An Illustrated History of Machines from Stone Axes to Robotics and AI
978-1-62795-165-4 | Hardcover | 168 pages | 9.2″ x 11.2″
List Price: $24.95
Here is the essential guide to the history of technology, an authoritative reference book and timeline that examines how tools have built our civilization, changed our environment, and could even alter our species. The term technology is frequently associated with modernity and the possibilities of the future. However, we have been using technologies since before the dawn of history. Even then we were machine builders.
A Neolithic hand axe is a wedge-shaped cutter that works in essentially the same way as a razor blade, while a potter’s wheel is the same as the gear transmission of a Formula-1 car. The difference is simply the application of novel materials, and the many ages of technology are closely linked to them— bronze, iron, steel, glass, silicon… What will be the materials of tomorrow’s technology? Superconductors that carry current with perfect efficiency, smart materials that alter their shapes to suit the conditions, or nanorobots built from just a few dozen atoms, that work unseen everywhere, even inside our bodies? Where will Generative AI take us? Only time, and a lot of invention, will tell.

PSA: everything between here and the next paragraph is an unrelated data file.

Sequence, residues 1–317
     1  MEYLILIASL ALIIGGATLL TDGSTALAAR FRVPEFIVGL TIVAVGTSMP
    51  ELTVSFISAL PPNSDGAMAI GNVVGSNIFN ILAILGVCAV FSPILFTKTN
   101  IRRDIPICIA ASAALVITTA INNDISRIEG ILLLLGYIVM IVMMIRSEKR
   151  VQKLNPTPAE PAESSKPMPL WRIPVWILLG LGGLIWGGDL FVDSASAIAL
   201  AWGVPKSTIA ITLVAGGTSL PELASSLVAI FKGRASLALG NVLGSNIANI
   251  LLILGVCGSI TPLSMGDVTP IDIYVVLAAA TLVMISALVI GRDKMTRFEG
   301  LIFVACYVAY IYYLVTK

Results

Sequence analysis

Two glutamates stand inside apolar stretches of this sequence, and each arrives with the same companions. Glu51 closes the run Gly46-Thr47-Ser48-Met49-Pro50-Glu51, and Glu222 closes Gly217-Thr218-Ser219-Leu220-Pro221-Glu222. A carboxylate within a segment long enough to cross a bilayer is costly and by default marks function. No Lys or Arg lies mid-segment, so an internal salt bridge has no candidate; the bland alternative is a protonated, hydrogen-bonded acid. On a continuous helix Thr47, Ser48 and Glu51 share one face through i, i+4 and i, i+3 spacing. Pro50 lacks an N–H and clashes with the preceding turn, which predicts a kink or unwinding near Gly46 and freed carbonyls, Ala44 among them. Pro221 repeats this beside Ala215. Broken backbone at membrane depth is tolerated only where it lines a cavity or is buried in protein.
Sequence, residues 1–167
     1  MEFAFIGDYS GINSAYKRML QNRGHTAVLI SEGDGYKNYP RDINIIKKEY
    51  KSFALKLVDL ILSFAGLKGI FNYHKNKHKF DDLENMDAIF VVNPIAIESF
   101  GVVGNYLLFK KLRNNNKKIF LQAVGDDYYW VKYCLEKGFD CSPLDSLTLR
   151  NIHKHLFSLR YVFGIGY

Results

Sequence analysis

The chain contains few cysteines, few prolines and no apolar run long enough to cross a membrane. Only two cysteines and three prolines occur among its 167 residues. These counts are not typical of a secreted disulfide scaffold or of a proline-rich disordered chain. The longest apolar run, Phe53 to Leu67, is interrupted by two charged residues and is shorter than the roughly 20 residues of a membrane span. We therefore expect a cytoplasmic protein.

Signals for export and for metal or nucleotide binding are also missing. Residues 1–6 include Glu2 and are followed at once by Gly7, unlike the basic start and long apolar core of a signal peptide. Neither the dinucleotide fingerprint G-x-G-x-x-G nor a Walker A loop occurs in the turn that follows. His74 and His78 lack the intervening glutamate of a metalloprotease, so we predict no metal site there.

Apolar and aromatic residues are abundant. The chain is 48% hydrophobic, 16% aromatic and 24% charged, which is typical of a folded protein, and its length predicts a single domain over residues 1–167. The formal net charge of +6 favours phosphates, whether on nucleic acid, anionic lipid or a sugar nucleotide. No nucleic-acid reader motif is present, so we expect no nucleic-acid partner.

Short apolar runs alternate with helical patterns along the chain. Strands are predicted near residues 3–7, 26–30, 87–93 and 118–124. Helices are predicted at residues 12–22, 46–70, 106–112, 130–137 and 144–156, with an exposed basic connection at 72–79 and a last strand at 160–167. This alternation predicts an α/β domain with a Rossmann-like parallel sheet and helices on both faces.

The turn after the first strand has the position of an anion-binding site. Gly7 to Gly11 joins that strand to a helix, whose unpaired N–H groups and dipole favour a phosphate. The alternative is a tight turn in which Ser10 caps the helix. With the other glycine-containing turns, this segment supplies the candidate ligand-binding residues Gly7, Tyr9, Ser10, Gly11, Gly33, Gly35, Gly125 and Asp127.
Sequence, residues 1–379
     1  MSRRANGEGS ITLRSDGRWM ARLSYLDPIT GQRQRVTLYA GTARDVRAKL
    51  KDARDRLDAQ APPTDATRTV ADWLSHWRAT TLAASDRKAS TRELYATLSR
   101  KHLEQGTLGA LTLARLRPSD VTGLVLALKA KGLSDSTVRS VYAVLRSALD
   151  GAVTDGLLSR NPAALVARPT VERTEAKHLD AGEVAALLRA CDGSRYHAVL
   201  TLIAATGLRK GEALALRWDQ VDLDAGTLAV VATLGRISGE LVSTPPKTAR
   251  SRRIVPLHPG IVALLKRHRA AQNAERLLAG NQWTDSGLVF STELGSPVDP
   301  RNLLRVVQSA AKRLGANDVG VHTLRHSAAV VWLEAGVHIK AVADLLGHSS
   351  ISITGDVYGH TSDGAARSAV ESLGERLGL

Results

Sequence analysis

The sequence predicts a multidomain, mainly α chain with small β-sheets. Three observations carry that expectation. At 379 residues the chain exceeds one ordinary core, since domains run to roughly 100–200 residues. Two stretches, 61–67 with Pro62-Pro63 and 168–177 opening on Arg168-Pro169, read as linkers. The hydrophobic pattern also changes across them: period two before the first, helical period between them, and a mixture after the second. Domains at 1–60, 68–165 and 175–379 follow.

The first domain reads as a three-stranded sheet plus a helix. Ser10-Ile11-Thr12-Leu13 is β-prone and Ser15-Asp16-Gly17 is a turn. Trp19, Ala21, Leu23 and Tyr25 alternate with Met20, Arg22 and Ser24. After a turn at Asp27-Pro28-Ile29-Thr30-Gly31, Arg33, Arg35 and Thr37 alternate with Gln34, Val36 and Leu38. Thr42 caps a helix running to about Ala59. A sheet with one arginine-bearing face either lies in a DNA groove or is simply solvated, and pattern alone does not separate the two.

- Contains 100 chronological articles that tell the story of technology from the dawn of history to the present day
- Authoritative text, exciting imagery and helpful diagrams accompany each of the steps along the way
- Biographies of great inventors boosts the contents for all readers
- Includes a 12-page fold-out Timeline History of Technology poster – stretches out to 8.5 feet (2.6 meters) long
- Technology is the 11th title in the popular, best-selling 100 Ponderables series
Tom Jackson is a science writer based in the United Kingdom. Tom specializes in recasting science and technology into lively historical narratives. After almost 20 years of writing, Tom has uncovered a wealth of stories that help create new ways to enjoy learning about science. He studied at the University of Bristol and still lives in the city with his wife and three children.